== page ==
Ukraine crunch debt talks move into second day
Two people close to the discussions told AFP that no deal was reached Wednesday when Ukrainian Finance Minister Natalie Jaresko met top debt representatives of the Franklin Templeton investment giant in San Francisco.
Templeton and three other financial titans hold two-thirds of the $15.3 billion in savings that Ukraine is seeking on its total foreign debt over the coming four years.
They have refused to accept any major reduction to their bonds’ value and want a proposed maturity extension to expire as soon as Ukraine’s imploding economy returns to growth.
Sources said the bondholders have put strict conditions on a proposed write-down of between five and 10 percent — well bellow the 40 percent figure originally sought by Kiev.
Ukraine is due to make a $60 million (54 million euro) Eurobond interest payment on August 23.
But it faces the much larger hurdle of covering $500 million in principal that matures on September 23.
The pro-Western government that emerged in the wake of the bloody ouster of a Moscow-backed leadership has signalled repeated plans to impose a potentially devastating debt moratorium if no solution is reached within days.
“Time is running out,” one source said ahead of the negotiations.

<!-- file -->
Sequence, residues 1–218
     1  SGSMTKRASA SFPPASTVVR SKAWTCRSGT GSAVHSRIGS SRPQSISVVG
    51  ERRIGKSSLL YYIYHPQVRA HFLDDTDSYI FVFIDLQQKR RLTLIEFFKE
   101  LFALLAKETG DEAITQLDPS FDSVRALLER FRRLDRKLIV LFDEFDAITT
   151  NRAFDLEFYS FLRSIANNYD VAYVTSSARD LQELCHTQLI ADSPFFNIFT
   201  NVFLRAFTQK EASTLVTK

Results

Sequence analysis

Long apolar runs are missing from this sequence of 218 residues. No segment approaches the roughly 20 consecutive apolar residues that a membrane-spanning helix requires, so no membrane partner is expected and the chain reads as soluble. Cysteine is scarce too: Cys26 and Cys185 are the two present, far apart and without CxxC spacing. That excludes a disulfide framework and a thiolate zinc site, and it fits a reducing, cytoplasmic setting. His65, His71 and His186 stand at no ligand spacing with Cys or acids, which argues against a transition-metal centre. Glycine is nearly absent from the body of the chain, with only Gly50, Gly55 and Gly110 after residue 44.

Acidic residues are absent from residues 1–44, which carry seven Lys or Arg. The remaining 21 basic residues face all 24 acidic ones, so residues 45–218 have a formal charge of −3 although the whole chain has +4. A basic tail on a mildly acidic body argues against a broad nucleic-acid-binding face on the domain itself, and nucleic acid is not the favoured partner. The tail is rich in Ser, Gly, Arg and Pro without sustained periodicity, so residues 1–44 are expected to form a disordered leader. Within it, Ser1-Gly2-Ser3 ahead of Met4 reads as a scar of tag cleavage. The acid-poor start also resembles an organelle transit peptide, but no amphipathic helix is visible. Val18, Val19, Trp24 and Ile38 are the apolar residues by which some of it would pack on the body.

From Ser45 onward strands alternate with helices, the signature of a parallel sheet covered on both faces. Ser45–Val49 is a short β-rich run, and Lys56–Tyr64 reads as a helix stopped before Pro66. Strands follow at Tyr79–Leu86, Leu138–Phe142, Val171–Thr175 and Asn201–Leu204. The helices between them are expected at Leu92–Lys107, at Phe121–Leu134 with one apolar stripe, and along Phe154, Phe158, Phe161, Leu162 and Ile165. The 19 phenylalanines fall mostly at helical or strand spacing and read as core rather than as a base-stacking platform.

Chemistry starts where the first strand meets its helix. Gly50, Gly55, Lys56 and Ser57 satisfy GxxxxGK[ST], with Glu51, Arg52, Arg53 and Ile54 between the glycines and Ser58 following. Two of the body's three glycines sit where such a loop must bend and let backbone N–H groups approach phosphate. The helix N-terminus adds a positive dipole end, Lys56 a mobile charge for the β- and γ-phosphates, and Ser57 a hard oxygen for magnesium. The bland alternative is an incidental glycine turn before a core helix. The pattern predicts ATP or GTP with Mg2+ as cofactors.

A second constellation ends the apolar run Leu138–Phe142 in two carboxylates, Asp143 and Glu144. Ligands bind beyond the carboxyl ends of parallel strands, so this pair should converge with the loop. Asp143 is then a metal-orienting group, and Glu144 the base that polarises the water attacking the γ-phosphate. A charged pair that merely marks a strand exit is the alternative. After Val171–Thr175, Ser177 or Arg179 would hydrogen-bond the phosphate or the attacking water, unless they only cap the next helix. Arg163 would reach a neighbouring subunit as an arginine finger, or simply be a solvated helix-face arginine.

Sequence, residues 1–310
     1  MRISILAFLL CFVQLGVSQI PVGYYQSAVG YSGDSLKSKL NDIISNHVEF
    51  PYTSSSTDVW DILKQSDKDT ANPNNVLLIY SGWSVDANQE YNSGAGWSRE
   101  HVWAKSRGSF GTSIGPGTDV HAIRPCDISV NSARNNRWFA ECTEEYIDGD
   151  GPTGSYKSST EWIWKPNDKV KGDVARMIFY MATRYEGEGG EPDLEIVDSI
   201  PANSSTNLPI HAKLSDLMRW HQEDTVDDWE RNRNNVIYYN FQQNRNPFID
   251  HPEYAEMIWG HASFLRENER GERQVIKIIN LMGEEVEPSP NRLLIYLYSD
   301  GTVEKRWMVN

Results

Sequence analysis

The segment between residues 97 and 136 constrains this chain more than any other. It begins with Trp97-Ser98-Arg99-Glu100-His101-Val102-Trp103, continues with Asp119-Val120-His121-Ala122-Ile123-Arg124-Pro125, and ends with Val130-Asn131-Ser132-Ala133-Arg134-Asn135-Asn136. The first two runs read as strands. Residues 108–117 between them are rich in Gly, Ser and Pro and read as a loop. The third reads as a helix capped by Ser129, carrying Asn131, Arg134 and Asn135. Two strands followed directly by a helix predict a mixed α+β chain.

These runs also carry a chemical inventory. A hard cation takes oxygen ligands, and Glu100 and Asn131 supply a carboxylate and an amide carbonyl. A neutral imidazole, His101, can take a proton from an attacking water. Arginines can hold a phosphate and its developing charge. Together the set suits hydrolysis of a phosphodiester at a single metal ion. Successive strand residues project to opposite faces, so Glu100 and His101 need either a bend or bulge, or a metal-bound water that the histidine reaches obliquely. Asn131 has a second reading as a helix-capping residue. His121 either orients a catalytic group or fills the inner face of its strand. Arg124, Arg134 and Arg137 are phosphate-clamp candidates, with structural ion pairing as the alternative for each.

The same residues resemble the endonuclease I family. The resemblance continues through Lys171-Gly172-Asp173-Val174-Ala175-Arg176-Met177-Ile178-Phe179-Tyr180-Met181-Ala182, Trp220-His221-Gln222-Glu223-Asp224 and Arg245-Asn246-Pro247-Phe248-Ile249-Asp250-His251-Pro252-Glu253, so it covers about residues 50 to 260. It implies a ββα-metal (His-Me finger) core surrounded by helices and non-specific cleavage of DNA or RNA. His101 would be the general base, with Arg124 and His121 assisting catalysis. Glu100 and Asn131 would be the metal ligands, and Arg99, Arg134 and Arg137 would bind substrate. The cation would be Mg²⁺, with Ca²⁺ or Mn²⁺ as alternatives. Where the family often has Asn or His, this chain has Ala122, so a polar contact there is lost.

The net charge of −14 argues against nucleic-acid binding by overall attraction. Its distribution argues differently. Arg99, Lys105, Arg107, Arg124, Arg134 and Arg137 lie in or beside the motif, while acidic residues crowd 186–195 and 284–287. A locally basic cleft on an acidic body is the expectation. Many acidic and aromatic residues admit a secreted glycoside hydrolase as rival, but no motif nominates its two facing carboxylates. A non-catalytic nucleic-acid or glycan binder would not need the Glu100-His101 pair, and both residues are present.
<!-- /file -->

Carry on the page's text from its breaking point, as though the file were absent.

“There is a clause written into the September 23 repayment which states that any changes to the payment must be approved by the bondholders at least 21 days before the payment is due,” the person told AFP.
A $40 billion IMF-led rescue programme requires Ukraine to restructure $15.3 billion in order to keep down its debt-to-growth ratio and be able to tap into foreign money markets by the end of 2017.
An agreement with the California creditors could open the door to similar deals being struck with the other three members of the Ad-hoc Committee of Noteholders to Ukraine.
But Kiev must also find a compromise with several additional bondholders who are negotiating on their own.
All these arrangements must be signed by September 2 in order to keep Ukraine from entering a so-called “hard default” that could potentially shut it out of global borrowing markets for years to come.